Allahabad High Court: In a writ petition filed by Flipkart, seeking quashing of the First Information Report (FIR) for offences under Sections 406, 420, 467, 468, 471, 474 and 474-A of the Penal Code, 1860 (IPC), the division bench of Suneet Kumar and Syed Waiz Mian, JJ. while quashing the FIR, has observed that an intermediary is not liable for any third-party information, data or communication link made available or posted by it, as long as it complies with Sections 79(2) or 79(3) of the Information and Technology Act, 2000 (‘IT Act’), and as Flipkart is an intermediary providing merely access to sellers/buyers and has exercised ‘due diligence’ under Section 79(2)(c) IT Act, 2000, thus, it is exempted from any liability under the IT Act.
In this case, the respondent alleged that he ordered a laptop from Flipkart, but it was having processor of brand ‘A.M.D’ instead of brand ‘Intel’, thus, the delivery of the product was not as per the specifications for which order was placed. Thus, aggrieved, the respondent registered a complaint with Flipkart regarding the alleged discrepancy of the product. The complaint was taken up by Flipkart as per their Dispute Redressal Policy, with the seller, but he declined to replace or refund the consideration of the product, stating that the product was dispatched as per specifications purchased by the respondent. Thereafter, the respondent lodged a complaint against Flipkart.
The Court observed that Section 79 is a safe harbour provision. Further, internet intermediaries give access to host, disseminate and index content, sell-buy products and services originated by third parties on the internet, that includes e-commerce intermediaries where the platforms do not take title of the goods being sold. Moreover, as per Section 81 of IT Act, 2000, Section 79 has an overriding effect.
The Court referred to the ruling in Avnish Bajaj v. State (NCT) of Delhi, 2004 SCC OnLine Del 1160, and observed that intermediaries stand on a different footing being only facilitator of the exchange of information or sales. Further, prior to the amendment the exemption under Section 79 did not exist, therefore, an intermediary was liable for any third-party information or data made available by it, but the 2008 amendment introduced Chapter XII to the IT Act, 2000, which ceased the liability of an intermediary, if it satisfied certain requirements as detailed in Section 79 of IT Act, 2000.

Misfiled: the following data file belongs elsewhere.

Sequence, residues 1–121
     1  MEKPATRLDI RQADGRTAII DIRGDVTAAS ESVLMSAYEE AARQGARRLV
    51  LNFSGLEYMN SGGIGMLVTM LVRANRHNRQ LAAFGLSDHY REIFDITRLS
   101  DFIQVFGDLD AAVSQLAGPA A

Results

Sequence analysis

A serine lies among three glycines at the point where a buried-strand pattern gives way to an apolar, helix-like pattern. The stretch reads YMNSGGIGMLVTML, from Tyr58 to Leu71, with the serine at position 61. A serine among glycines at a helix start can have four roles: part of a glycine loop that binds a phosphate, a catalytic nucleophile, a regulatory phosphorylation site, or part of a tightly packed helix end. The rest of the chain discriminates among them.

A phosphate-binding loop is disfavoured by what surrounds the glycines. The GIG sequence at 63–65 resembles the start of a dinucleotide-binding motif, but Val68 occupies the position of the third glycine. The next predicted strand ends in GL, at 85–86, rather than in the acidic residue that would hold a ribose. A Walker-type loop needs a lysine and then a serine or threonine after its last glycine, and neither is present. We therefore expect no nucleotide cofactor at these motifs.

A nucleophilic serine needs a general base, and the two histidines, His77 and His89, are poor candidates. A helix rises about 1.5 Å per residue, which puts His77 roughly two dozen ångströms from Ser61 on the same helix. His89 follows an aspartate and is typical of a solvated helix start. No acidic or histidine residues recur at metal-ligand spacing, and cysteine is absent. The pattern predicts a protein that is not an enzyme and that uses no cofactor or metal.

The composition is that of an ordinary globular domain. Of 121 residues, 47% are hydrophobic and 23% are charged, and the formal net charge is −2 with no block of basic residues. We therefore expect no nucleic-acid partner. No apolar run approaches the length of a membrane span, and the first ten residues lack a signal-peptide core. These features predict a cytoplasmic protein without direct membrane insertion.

The Court observed that Flipkart does not follow inventory-based model of e-commerce, where inventory of goods and services is owned by e-commerce entity and is sold to the consumers directly, thus it comes within the meaning and definition of ‘intermediary’ under Section 2(1)(w) of the IT Act, 2000, and would be entitled to the exemption from liability in terms of Section 79 IT Act, 2000, if the requirements are met.
It was also observed that Flipkart is not the seller, and the sellers are registered with it, who sellproducts and services on its platform and are solely responsible to the customer. Further, it cannot be expected that the provider of the online marketplace is aware of all the products sold on its website, but such provider must put in place a robust system to inform all sellers on its platform of their responsibilities and obligations under applicable laws in order to discharge its role and obligation as an intermediary, and if the same is violated by the seller, then he can be proceeded against ,but not the intermediary.
The Court also observed that as per the Consumer Protection (E-Commerce) Rules, 2020, Flipkart would come within the meaning of a marketplace e-commerce website, thereby affording it the above exemption so long as the requirements under Section 79 are met. Thus, as Flipkart has complied with the requirements of Sections 79(2) and 79(3) I.T Act, as well as, the Information Technology (Intermediaries Guidelines) Rules, 2011, thus it is exempted from any liability under Section 79 IT Act, 2000, as no violation can ever be attributed or made out against the directors or officers of the intermediary, as the same would be only vicarious, and such proceedings as initiated against them would be unjust and bad in law.
[Flipkart Internet Private Limited v. State of UP, 2022 SCC OnLine All 706, decided on 17.10.2022]
Advocates who appeared in this case :
Kartikeya Saran, Advocate, Counsel for the Petitioner;
Government Advocate Samarth Sinha, Counsel for the Respondent.